With that realization, the pain began to recede—but I saw that I could not stop there. I needed to know that Spirit is the source of my health, and therefore my strength, and that freedom had never been determined by anything material, such as muscles and bones, nor by disease or accident. I needed to truly know that God’s love meets every human need, so I could not lack peace or joy; that God is my Life and the source of my movement, so I could never lose my God-given freedom. 

I lifted my thoughts entirely to God, affirming what is true about Spirit as All-in-all. I thought about each of those seven synonyms for God and what it signified about God, and I affirmed that I had never been separated from God, but rather manifested the spiritual qualities of these synonyms every moment, without interruption. I continued praying in this way for about an hour, refusing to allow a material picture of self or body to enter my thought for even a second. While praying, I got out of bed and began cleaning my room, realizing later that I was completely and permanently healed. That was a few decades ago!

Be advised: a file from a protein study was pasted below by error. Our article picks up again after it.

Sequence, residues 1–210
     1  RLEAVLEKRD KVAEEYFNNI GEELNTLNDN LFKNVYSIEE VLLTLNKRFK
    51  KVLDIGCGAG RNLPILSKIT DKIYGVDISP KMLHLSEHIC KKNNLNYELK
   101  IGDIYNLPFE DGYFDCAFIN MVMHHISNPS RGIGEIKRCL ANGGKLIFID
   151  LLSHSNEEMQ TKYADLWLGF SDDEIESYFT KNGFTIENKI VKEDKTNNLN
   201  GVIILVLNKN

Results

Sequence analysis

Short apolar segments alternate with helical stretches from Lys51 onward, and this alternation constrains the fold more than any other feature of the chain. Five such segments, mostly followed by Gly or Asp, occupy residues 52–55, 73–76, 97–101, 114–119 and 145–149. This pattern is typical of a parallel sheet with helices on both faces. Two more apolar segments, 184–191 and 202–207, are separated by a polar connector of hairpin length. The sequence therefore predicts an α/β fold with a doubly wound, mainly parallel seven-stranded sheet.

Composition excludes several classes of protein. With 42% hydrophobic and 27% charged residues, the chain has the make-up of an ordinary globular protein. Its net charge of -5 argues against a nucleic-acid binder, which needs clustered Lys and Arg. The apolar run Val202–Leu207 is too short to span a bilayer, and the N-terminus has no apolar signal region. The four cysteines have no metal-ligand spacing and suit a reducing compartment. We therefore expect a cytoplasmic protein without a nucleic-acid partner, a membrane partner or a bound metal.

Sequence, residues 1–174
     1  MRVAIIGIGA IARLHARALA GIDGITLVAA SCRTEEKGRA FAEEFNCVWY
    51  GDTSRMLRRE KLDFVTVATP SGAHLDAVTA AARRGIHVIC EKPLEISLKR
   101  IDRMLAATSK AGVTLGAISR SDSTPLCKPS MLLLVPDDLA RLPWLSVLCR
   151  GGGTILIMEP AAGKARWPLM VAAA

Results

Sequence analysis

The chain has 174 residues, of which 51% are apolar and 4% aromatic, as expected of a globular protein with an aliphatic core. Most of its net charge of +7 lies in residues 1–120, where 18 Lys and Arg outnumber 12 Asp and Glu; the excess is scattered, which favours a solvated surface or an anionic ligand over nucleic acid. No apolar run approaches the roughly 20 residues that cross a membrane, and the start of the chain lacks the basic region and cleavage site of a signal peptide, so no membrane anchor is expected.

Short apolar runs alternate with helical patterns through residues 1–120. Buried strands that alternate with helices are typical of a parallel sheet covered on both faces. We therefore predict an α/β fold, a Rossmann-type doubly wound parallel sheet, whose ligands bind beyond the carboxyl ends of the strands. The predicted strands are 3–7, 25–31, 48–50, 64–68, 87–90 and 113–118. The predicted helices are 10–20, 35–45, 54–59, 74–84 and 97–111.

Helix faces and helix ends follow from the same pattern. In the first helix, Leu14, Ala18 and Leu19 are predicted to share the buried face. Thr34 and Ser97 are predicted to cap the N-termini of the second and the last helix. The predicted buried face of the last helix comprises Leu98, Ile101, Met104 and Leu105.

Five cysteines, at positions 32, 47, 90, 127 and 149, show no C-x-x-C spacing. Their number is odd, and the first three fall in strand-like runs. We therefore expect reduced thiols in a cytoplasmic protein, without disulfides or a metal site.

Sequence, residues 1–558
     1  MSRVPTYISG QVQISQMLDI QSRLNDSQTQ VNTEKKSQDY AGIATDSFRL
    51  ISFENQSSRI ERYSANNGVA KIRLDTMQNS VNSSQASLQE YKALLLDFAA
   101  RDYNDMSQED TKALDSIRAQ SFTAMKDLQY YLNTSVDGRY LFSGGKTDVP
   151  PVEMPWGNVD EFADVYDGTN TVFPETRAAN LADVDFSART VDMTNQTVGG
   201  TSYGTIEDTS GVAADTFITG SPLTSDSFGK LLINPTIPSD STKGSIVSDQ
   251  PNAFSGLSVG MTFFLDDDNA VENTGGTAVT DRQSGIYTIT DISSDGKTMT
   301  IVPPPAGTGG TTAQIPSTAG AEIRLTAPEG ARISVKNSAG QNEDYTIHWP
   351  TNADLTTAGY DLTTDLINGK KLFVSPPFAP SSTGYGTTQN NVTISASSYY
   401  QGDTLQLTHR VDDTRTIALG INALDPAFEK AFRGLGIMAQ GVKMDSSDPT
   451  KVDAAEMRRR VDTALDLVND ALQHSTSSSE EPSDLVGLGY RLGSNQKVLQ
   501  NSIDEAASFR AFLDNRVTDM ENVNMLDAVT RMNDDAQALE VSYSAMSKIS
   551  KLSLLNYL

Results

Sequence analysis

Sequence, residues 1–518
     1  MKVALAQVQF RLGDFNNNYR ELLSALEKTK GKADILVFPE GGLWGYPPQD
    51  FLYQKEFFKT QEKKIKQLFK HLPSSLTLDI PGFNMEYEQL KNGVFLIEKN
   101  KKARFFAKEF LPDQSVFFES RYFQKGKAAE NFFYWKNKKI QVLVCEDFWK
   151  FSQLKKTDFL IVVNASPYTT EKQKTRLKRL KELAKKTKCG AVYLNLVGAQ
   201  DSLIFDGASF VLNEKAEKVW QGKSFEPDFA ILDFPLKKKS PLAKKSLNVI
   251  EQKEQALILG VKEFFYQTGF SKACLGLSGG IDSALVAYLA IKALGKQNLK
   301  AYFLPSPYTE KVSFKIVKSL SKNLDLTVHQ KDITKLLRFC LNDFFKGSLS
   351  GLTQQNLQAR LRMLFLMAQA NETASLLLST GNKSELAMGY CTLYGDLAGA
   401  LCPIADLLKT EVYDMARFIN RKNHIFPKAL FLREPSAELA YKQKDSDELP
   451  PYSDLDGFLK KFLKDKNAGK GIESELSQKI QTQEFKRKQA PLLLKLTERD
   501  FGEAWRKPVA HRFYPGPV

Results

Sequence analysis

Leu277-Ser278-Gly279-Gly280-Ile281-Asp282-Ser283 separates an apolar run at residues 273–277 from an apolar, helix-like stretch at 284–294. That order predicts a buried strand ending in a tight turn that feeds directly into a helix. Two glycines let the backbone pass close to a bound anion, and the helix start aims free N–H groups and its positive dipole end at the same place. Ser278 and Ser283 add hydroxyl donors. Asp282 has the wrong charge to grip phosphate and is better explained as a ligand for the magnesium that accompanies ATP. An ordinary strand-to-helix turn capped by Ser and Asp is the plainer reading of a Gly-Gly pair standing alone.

As God’s spiritual creation, we reflect God, Spirit, in wisdom, purity, health, holiness, and life eternal. We can learn to demonstrate our true nature as spiritual ideas of God—healing as Christ Jesus did, and letting our thoughts, words, and acts flow from a recognition of the allness and supremacy of God and from our unbreakable oneness with infinite good.

Access more great content like this

Welcome to JSH-Online, the home of the digital editions of The Christian Science Journal, Sentinel, and Herald. We hope you enjoy the content that has been shared with you. To learn more about JSH-Online visit our Learn More page or Subscribe to receive full access to the entire archive of these periodicals, and to new text and audio content added daily.

Subscribe Today

More in this issue / March 18, 2019

concord-web-promo-graphic

Explore Concord — see where it takes you.

Search the Bible and Science and Health with Key to the Scriptures